by Bernard K. Means
Today, September 24, 2016, marks the official dedication of the National Museum of African American History and Culture in Washington, D.C. Although I am unable to be there for this historic occasion, I thought I would highlight a few of the artifacts held in trust by the Virtual Curation Laboratory from enslaved and free African American contexts in Virginia and a free African American context in pre-Emancipation Pennsylvania. Some of these models are available at our companion Sketchfab site, and a large number of these can be downloaded for 3-D printing and the creation of personal museums of African American history and culture, or used by schools. These models come from our partners in preserving the past, including Jamestown and a number of sites associated with the founding fathers.
Jamestown Rediscovery in Jamestown, Virginia
The first documented individual enslaved in what is now the United States was recorded in 1640 at Jamestown, being a runaway indentured servant by the name of John Punch. Indentured servants from Africa were present at Jamestown from 1619 (see African Americans at Jamestown for more details). I asked Merry Outlaw, Curator of Collections at Jamestown Rediscovery, what types of artifacts they might have in their collection associated with the first enslaved Americans. An iron hoe from a late 17th century context was likely used by an enslaved American and thus is one of the oldest artifacts associated with chattel slavery in what is now the United States.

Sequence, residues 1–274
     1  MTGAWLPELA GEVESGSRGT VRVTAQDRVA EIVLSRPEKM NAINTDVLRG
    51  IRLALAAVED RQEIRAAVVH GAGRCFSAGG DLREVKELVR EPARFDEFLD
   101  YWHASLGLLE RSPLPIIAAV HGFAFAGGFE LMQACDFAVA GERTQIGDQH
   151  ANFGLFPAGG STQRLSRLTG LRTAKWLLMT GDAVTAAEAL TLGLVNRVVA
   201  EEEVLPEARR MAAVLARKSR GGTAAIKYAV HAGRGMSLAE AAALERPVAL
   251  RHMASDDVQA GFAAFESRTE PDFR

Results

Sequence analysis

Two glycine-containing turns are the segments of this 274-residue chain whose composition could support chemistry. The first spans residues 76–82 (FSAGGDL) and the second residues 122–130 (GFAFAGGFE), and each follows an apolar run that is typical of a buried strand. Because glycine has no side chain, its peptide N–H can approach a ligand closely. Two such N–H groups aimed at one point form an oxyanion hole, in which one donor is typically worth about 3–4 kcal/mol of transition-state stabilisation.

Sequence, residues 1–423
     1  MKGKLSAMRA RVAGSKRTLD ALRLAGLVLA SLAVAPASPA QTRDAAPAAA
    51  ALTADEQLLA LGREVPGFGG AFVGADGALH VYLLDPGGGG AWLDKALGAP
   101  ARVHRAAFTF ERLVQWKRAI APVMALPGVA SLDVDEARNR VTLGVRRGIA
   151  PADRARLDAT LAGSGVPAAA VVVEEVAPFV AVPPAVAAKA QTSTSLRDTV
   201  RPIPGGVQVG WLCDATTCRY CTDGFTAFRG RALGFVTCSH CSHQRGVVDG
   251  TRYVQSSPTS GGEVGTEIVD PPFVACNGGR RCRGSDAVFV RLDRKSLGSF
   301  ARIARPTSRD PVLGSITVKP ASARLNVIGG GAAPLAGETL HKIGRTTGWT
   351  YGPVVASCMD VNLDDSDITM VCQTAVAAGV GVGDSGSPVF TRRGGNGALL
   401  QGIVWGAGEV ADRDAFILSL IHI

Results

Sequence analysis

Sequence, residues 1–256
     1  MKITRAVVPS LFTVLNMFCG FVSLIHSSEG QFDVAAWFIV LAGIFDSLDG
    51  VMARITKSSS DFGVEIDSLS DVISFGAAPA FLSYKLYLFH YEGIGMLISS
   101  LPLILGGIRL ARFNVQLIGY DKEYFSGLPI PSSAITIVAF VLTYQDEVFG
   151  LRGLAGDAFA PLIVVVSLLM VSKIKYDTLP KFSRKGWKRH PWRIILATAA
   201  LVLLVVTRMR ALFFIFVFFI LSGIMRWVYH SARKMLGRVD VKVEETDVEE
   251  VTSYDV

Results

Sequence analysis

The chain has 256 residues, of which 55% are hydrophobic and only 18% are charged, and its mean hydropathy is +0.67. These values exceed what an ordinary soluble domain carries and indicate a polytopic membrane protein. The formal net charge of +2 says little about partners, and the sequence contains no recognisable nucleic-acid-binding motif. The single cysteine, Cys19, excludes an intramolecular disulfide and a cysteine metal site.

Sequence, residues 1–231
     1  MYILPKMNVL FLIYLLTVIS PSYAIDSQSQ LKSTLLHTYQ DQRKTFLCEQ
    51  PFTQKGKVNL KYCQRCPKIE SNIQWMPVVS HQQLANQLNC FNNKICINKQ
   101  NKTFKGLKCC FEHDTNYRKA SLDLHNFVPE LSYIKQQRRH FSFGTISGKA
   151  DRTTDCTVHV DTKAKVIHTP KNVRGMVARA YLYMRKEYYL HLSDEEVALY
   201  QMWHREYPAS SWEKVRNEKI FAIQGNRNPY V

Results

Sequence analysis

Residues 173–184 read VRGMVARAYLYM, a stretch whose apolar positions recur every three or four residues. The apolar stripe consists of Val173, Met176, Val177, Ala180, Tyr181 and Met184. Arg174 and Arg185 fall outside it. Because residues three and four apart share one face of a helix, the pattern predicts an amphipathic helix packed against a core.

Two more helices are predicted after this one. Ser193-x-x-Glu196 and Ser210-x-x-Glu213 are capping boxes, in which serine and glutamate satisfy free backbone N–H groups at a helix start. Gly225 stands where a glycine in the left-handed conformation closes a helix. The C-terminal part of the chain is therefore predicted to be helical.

George Washington’s Ferry Farm in Fredericksburg, Virginia
When George Washington’s father died, George inherited the property now known as George Washington’s Ferry Farm in 1743 at the age of 11, where he had been living since the age of 6. His mother, Mary, managed the property, including its enslaved Americans, until George came of age. Extensive block excavations uncovered the foundations of the house, as well as an extensive work area used by the enslaved servants behind the house. Archaeologist and Small Finds analyst Laura Galke has investigated the large number of wig hair curlers found at this site, as documented in an earlier blog you can find here. This small, seemingly mundane artifact type speaks to the extremes of status in Colonial America. Wigs were often the single most expensive item a proper gentleman wore, yet here at Ferry Farm they were maintained by the people with the lowest social status, enslaved Americans.